Turning the Page: Teaching and Learning in the Digital Age

Though my last blog post was not too long ago, it pertained to the previous semester of my graduate certificate course. With this post, I am now entering my third semester. As such, here is a brief introduction to who I am!

My name is Kyle Pittman. I am Nez Perce and Yakama and was raised on the Puyallup Reservation in Tacoma, Washington. I am a former union carpenter’s apprentice and really began my undergraduate studies at Northwest Indian College. I then transferred to The Evergreen State College and earned a Bachelor of Arts degree with an emphasis on Native American & Indigenous Studies.

I also help moderate the largest online public history forum known as AskHistorians! So make sure to check that out.

I came into this course with very little digital skills. I have very, very basic skills with CSS that I’ve developed since Reddit uses CSS for appearance and style, but nothing amounting to actually saying I know it. I now have some experience with the digital tools often used for digital history work. My first project was an experiment using Voyant Tools to conduct text analysis of and my second project involved building a digital exhibit using the platform Omeka. I have also practiced with some other tools, but these two are the ones I feel most competent in. Both of these previous projects revolved around my primary academic interests: American Indian histories, federal Indian law and policy, and Indigenous research methodologies. I hope to continue learning about these tools and more as I move forward with the completion of this course.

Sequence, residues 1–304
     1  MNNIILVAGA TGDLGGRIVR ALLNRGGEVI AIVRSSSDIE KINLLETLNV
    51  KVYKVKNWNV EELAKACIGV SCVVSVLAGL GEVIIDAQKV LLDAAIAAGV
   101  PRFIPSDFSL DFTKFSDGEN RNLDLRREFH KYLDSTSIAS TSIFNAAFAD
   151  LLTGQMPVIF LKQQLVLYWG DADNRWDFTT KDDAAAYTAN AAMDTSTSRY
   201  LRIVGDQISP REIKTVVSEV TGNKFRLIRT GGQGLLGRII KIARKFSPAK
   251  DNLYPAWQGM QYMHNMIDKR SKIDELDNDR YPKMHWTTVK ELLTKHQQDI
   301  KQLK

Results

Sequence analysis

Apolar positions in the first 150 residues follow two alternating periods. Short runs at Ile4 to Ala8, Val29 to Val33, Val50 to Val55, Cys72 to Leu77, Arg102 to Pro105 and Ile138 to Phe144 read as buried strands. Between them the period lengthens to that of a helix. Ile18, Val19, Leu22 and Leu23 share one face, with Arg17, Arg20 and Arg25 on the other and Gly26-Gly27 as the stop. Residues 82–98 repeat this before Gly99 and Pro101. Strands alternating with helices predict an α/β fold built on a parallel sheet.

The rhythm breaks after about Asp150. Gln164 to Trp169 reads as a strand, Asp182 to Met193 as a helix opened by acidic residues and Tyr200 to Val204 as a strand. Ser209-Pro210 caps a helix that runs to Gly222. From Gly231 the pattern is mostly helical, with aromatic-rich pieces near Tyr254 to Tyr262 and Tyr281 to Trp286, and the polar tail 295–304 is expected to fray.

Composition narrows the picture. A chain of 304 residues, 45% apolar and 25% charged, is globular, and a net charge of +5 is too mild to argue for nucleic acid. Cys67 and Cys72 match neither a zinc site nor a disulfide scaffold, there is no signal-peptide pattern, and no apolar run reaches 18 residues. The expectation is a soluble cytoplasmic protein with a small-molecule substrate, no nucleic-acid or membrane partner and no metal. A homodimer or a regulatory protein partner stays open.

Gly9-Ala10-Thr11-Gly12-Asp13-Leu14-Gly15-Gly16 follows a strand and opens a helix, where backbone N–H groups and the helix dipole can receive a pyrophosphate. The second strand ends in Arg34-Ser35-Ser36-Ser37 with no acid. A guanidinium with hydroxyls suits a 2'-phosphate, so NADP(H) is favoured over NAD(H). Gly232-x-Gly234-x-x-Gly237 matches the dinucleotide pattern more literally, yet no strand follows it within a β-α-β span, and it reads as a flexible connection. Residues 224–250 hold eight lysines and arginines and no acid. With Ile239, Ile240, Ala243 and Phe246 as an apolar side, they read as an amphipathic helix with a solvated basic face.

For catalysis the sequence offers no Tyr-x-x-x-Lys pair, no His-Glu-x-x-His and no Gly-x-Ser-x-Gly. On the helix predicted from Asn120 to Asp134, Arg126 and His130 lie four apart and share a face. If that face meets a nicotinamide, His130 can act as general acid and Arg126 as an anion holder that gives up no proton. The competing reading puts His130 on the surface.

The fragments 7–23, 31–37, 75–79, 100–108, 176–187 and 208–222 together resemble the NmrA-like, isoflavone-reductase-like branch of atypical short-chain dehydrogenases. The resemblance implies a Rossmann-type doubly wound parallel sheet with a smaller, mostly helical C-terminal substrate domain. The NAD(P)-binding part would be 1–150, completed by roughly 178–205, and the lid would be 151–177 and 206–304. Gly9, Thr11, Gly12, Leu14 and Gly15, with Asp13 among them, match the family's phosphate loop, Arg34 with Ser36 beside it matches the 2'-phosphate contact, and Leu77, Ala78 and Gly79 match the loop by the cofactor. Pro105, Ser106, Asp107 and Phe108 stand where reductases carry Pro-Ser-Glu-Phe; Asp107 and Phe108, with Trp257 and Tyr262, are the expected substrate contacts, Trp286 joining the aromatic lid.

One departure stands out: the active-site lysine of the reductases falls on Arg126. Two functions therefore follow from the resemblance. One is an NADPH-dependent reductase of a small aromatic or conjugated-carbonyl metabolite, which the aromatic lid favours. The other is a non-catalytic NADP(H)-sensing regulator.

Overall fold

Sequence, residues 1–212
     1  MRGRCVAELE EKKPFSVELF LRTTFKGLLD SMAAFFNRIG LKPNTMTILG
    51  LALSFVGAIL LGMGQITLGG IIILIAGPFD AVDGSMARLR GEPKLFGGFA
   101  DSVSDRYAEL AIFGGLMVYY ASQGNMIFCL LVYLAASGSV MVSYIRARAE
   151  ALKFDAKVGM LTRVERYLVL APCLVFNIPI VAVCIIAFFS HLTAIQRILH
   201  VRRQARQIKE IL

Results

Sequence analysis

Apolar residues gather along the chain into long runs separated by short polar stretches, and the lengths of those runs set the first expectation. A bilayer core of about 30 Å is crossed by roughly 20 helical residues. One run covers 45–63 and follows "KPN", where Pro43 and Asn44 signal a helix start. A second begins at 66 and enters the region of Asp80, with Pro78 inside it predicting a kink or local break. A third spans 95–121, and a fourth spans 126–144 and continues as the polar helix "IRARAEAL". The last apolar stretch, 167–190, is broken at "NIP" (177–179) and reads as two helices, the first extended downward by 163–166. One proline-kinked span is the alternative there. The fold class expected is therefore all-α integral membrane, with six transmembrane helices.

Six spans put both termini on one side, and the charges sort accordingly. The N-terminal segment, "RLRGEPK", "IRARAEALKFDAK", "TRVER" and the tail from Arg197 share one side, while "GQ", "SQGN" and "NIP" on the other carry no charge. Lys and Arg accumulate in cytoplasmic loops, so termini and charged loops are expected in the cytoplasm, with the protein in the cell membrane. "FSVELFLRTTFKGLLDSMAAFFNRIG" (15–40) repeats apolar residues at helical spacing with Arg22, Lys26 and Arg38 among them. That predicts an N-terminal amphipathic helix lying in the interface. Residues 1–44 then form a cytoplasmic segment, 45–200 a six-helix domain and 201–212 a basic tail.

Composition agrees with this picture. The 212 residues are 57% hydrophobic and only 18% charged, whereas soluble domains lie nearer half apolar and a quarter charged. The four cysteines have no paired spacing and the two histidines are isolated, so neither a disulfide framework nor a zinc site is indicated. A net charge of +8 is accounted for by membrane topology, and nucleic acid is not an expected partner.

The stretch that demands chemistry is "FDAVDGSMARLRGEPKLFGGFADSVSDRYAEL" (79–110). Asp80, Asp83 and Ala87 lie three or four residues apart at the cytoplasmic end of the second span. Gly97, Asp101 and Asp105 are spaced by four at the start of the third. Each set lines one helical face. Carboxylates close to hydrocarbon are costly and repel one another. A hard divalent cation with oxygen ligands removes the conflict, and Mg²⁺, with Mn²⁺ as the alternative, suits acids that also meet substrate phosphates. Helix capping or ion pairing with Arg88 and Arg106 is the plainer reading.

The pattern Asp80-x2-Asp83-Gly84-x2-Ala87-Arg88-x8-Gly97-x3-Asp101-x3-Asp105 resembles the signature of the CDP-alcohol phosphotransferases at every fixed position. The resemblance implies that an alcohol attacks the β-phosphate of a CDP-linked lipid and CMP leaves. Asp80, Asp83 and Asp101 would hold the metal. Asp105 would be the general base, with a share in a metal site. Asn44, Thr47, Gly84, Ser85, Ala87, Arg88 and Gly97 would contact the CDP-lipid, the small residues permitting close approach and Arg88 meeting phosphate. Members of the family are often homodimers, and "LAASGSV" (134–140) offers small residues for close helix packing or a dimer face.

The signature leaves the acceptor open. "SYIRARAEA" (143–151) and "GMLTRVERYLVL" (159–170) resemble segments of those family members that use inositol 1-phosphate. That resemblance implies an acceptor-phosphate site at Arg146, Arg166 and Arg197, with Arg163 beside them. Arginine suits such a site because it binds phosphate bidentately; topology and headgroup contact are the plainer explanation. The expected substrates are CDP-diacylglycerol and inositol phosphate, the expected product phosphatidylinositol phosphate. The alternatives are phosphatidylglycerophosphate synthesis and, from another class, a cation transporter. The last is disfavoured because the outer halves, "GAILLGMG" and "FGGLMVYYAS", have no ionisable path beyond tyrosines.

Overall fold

However, knowing the utility of these tools is but one part of the overall equation needed to craft quality projects and digital scholarship. The other part is the theory behind the practice and knowing how to implement these tools in an effective manner to reach our audiences. My goals for this semester–which is about teaching and learning history in the digital age–involve learning how to do just this. I want to learn how to use these tools to improve my ability to teach others and to improve my own pedagogy to reflect the best practices of learning for myself and to teach others in our modern day. I have gotten a taste of this in the last semester where we focused on “doing” digital public history, but this was focused more toward the crafting and presenting of a digital project toward an audience. This semester, I anticipate focusing on how to better structure this information for instruction, understanding the context for myself, and underscoring the relevance of historical teaching today with a focus on incorporating the digital realm.

I am pursuing this graduate certificate and will be starting a graduate degree program in the fall with the goal of teaching in higher education and working for the benefit of American Indian Tribes. I will also being working as a Teaching Assistant come fall and I believe this course will go a long way in helping me to perform the duties associated with that position for the benefit of the students as much of the curriculum I will be assisting with is based in history.

And in case anyone was wondering… Here I am!

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